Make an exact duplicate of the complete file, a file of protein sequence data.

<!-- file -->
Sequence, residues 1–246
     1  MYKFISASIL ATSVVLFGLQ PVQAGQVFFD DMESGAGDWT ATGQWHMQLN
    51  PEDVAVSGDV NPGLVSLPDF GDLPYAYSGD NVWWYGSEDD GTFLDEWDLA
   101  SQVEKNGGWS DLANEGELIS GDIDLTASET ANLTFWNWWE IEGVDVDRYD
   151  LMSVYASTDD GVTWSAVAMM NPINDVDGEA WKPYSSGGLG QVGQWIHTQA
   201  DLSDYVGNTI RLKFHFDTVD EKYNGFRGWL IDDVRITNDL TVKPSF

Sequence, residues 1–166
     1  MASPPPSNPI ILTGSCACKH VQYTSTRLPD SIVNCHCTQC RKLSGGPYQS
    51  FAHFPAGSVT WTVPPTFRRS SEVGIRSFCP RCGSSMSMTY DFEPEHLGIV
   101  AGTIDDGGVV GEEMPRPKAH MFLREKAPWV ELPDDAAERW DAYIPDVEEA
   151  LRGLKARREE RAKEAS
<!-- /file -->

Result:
Sequence, residues 1–246
     1  MYKFISASIL ATSVVLFGLQ PVQAGQVFFD DMESGAGDWT ATGQWHMQLN
    51  PEDVAVSGDV NPGLVSLPDF GDLPYAYSGD NVWWYGSEDD GTFLDEWDLA
   101  SQVEKNGGWS DLANEGELIS GDIDLTASET ANLTFWNWWE IEGVDVDRYD
   151  LMSVYASTDD GVTWSAVAMM NPINDVDGEA WKPYSSGGLG QVGQWIHTQA
   201  DLSDYVGNTI RLKFHFDTVD EKYNGFRGWL IDDVRITNDL TVKPSF

Sequence, residues 1–166
     1  MASPPPSNPI ILTGSCACKH VQYTSTRLPD SIVNCHCTQC RKLSGGPYQS
    51  FAHFPAGSVT WTVPPTFRRS SEVGIRSFCP RCGSSMSMTY DFEPEHLGIV
   101  AGTIDDGGVV GEEMPRPKAH MFLREKAPWV ELPDDAAERW DAYIPDVEEA
   151  LRGLKARREE RAKEAS